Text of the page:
Following a 2022 summer season that saw widespread drought, heatwaves, wildfires and water scarcity across the world, French president Emmanuel Macron declared the “end of abundance” as it pertained to consumption [1]. With resources becoming limited and supply chains disrupted, industries are beginning to investigate alternative solutions to solve challenges. In the case of energy production, renewable energy is growing in popularity, for transport, electric vehicles and micro-mobility are being valued more – but what are the opportunities for traditional businesses? 

Sustainable business models abound [2]. There is no shortage of sustainable alternatives that can make business operations low-carbon and have a measurable impact on global sustainability goals. However, within an economic hub there exists opportunities to reduce overall emissions, while addressing dwindling resource abundance [3].

Importance of the circular model

“Looking at today’s consumption levels, sustaining our current growth trajectory would require the ecological resources of 2.3 planets by 2050. This number is significantly higher for mature markets. The US, for example, would need five planets to sustain present-day consumption levels; Germany would need three,” points out Holcim CEO Jan Jenisch [4], “The good news is that a solution is within our reach. We can decouple our world’s growth from the consumption of the Earth’s resources by shifting from a linear “take, make, waste” economy to a circular “reduce, reuse, recycle” one.”

A circular economy uses efficient recycling of waste to fill gaps in supply chains. Recycling at an elevated level would reduce dependence and need for new raw materials, instead finding opportunities for these materials to be found within waste [5]. This process would happen continuously, as in a loop – or circular – economic model. The production and extraction of new raw materials is one of the largest vectors for carbon emissions – being able to replace these processes by recuperating materials from discarded waste drastically reduces carbon emissions and creates a more resilient economy [6].

Herein lies the paradigm shift that will ensure that a business can reduce its environmental impact as efficiently as possible, while solidifying new supply chains within the economy – or as Jenisch puts it [4], “The business opportunity of our time.”

Circularity in action

At first glance, circularity may seem more of a theory than active business practice, but certain industries have been operating within this model for a while. Aluminium recycling is one of the most successful case studies, as CircularLab Co-Founder Gina Lee explains [7]: “75 percent of all aluminium produced is still in circulation. [Current cans] contain an average of 73 percent recycled content, which means, there is a lot of can-to-can recycling taking place. Making a can from old cans uses 90 percent less energy and generates 90 percent less emissions compared to producing that same can from virgin material.”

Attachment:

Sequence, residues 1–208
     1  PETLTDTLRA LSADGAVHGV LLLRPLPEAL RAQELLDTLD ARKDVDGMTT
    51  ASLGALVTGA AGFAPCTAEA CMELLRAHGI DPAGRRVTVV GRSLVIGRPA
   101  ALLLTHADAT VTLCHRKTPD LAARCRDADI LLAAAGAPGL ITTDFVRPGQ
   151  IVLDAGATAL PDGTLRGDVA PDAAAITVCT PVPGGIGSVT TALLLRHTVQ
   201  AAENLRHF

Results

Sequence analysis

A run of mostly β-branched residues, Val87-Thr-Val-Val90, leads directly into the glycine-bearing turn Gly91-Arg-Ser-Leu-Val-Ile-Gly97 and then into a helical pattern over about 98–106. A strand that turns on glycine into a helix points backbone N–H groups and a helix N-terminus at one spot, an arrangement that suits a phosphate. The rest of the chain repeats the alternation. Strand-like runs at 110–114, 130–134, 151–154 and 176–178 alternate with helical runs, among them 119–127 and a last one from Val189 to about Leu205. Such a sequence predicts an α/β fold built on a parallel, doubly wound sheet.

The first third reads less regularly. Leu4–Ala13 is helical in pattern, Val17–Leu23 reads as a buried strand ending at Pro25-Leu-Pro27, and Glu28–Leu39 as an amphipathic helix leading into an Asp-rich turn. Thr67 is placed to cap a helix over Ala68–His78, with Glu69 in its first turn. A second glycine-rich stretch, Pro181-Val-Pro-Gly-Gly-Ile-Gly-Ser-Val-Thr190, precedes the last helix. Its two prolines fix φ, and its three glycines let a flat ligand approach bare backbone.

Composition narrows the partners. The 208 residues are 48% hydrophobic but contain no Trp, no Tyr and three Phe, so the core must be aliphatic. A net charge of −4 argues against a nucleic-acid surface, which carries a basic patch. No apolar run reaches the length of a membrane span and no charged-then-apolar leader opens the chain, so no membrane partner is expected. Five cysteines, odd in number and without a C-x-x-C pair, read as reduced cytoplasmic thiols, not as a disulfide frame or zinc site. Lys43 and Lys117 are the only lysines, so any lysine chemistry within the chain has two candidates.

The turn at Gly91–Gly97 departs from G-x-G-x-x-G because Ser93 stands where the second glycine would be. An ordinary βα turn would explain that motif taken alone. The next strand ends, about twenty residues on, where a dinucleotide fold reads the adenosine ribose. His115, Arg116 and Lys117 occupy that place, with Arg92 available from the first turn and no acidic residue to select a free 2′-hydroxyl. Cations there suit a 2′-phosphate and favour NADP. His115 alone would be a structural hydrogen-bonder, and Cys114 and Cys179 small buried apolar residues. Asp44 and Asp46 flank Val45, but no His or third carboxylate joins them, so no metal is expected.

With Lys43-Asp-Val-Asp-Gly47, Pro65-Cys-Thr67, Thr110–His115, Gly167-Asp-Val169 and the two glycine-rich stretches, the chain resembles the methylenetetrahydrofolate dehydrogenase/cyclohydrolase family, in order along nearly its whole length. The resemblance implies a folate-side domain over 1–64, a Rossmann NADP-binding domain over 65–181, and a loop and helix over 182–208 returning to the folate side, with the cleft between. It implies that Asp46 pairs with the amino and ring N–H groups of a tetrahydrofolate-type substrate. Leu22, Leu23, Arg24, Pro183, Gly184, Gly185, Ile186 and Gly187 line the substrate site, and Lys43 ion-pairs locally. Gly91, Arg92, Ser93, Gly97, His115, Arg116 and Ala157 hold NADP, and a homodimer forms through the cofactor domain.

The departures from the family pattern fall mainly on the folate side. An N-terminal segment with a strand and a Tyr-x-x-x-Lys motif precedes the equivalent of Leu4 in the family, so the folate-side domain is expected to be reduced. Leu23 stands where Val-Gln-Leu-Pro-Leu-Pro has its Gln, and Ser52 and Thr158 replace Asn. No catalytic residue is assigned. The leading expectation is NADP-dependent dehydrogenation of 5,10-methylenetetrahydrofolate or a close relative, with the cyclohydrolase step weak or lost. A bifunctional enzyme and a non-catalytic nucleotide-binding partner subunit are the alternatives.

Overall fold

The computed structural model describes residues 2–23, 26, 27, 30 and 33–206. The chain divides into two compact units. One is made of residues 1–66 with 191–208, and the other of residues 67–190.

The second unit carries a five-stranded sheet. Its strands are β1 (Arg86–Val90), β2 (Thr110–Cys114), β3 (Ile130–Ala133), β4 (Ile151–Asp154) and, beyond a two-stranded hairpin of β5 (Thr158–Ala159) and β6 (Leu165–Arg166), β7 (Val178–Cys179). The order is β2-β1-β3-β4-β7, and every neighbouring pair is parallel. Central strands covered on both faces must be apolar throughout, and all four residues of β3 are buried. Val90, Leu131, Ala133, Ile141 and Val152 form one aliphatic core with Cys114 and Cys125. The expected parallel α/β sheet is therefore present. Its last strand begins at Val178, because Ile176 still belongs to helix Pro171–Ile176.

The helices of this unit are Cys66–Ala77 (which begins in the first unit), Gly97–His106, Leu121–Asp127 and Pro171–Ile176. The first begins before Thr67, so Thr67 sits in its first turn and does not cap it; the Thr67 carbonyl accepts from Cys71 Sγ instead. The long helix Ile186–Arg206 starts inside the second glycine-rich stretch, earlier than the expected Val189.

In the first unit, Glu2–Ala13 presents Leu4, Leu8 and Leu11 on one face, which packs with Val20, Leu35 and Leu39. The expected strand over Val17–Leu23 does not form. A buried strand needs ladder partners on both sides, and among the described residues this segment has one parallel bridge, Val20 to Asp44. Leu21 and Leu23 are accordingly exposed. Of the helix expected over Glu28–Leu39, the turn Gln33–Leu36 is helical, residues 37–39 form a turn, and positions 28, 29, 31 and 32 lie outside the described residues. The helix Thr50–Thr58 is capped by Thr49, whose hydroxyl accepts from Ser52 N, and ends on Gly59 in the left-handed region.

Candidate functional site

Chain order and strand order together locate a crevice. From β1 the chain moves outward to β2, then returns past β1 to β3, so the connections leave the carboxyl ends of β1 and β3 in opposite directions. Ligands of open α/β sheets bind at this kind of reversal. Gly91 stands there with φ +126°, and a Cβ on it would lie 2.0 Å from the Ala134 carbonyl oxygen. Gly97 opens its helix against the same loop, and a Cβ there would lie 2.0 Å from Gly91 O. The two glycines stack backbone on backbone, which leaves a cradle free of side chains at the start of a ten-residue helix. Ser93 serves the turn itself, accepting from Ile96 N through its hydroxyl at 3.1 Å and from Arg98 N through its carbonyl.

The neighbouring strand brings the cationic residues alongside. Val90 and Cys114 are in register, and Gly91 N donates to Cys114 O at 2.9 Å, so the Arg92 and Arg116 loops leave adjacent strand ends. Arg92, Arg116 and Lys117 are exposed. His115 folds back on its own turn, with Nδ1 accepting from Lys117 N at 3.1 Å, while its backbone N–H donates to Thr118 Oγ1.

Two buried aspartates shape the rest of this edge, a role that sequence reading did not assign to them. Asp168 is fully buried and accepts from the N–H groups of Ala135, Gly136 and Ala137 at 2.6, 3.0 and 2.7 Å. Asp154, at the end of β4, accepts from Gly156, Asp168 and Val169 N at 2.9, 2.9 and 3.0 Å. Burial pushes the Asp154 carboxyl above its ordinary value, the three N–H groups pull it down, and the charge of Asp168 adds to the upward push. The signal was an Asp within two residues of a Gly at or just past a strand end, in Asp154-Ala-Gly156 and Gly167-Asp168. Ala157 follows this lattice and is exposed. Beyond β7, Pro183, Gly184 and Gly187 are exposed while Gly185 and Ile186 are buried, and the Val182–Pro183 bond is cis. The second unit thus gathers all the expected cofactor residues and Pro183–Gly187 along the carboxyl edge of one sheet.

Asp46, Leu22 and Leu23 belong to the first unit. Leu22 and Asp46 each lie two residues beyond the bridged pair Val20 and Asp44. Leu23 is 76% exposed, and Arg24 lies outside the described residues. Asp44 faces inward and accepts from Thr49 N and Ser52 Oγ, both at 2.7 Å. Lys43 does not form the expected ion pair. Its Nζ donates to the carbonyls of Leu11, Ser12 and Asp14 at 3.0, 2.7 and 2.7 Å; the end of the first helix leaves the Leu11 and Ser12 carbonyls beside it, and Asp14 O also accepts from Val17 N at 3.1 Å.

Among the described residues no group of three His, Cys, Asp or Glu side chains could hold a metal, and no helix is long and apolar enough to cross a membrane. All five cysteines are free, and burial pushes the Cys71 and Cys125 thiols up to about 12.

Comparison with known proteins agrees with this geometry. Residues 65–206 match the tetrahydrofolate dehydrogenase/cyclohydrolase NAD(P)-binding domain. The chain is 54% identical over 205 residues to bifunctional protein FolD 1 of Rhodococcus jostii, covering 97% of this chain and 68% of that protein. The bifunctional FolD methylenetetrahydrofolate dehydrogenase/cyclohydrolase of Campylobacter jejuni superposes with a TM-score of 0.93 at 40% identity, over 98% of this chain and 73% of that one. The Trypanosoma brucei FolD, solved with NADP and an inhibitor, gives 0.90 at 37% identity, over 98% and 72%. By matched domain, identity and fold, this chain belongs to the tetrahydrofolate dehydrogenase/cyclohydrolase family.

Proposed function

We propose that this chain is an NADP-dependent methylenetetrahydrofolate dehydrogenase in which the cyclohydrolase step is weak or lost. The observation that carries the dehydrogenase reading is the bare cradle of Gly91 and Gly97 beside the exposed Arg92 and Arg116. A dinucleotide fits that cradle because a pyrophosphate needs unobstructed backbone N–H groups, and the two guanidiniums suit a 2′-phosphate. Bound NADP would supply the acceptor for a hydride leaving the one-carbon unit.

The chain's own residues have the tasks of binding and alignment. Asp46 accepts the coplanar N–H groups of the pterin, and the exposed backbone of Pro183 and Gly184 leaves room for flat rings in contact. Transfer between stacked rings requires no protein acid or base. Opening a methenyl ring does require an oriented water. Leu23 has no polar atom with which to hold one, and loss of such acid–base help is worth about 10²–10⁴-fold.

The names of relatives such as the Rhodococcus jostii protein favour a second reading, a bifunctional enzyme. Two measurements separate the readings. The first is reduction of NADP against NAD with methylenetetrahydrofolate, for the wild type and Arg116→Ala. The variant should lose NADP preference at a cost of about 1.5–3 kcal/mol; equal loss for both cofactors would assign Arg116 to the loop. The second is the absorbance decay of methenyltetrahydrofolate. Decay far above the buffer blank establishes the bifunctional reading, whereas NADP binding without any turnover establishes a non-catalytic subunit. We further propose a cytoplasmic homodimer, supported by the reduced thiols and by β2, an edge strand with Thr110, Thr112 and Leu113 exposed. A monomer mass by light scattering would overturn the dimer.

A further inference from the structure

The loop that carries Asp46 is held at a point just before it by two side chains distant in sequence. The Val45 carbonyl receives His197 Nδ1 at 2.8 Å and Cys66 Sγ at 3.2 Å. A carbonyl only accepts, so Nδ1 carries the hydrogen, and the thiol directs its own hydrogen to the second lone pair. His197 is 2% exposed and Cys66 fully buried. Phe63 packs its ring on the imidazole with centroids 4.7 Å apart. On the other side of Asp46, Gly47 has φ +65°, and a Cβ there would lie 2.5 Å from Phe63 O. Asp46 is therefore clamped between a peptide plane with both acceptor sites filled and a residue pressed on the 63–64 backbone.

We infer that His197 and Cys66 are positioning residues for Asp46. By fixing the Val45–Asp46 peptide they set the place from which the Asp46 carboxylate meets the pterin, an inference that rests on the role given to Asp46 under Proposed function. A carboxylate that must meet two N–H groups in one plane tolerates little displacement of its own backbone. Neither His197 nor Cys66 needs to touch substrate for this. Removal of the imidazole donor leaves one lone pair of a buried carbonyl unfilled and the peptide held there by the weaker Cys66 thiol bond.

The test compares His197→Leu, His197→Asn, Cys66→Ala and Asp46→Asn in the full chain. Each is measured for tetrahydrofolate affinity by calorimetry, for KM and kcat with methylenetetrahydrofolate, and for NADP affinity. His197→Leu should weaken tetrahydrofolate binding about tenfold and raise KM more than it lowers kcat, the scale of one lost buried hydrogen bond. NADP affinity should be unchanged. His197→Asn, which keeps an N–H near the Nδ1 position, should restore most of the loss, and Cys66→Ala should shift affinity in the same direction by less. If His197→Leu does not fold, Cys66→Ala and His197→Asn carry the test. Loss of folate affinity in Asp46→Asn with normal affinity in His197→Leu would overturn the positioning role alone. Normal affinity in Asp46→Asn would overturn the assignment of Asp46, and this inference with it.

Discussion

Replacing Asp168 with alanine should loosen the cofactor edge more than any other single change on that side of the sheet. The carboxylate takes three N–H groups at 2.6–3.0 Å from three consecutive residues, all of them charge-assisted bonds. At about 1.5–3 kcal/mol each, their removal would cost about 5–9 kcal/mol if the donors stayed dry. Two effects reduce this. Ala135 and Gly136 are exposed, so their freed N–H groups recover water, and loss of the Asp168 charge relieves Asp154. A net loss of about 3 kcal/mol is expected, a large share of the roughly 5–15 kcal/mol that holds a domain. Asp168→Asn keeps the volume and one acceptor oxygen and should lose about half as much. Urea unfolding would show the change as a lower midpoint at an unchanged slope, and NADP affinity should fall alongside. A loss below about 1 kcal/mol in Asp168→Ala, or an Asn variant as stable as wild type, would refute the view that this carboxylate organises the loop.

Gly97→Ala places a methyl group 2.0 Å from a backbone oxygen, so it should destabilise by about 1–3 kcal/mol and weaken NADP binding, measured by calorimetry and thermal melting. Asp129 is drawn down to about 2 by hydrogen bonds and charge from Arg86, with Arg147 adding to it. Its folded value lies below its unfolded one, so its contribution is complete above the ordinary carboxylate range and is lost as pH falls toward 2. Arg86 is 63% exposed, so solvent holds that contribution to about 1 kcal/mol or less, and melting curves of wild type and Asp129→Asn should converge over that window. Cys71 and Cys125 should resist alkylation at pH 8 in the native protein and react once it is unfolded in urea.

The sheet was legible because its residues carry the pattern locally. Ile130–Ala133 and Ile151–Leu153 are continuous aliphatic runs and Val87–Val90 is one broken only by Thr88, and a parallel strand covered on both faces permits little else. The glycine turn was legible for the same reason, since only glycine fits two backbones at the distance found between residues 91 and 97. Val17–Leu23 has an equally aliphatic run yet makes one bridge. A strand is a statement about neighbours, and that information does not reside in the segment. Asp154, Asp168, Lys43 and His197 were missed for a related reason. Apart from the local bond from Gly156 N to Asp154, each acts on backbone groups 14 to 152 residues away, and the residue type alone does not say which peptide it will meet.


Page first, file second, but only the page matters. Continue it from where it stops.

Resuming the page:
Other examples of circular models include Holcim’s recycling of construction waste to create roofing and cement or the government of São Paulo’s initiative to encourage regenerative agriculture benefiting farmers and vulnerable communities [4, 8]. Smaller innovative businesses highlight how companies can be born from circularity: a fashion brand using dairy farm waste [9], construction cement made with recycled plastic [10], breaking down old wind turbine blades into industrial products [11], and using insects to break down biological waste and turning them into sustainable cattle feed [12] – solutions truly are everywhere.

The circular economy is more than a catchphrase. As global economies shift to a sustainable model, this will affect business big and small across industries, sectors, and countries – and encourage innovation and collaboration [3-5]. Have you ever considered how you might be able to participate in a circular economic model?

Key Takeaways


[1] Kim Willsher, 2022, “Macron warns of ‘end of abundance’ as France faces difficult winter”, The Guardian.
[2] Vincent Diringer, 2022, “The Importance of Sustainable Business Models”, LEAD-WiSE.
[3] Vincent Diringer, 2022, “Collaboration Towards the Goals: Working Together for Sustainability”, LEAD-WiSE.
[4] Jan Jenisch, 2022, “Why the circular economy is the business opportunity of our time”, World Economic Forum.
[5] Government of the Netherlands, 2022, “From a linear to a circular economy”.
[6] Dirk Nelen and Ioannis Bakas, 2021, “Improving the climate impact of raw material sourcing”, European Environment Agency.
[7] Gina Lee, 2019, “The aluminium can: America’s most successful recycling story that you’ve never heard”, Green Biz.
[8] Ellen MacArthur Foundation, 2022, “Regenerative agriculture around São Paulo: Connect the Dots”.
[9] Maeve Campbell, 2020, “The company making t-shirts from gone off milk”, Euronews Green.
[10] Centre for Regenerative Design & Collaboration, 2022, “Introducing Resin8™”.
[11] Mitch Jacoby, 2022, “How can companies recycle wind turbine blades?”, Chemical & Engineering News.
[12] Nambu Group, 2021, “Our Vision & Story”.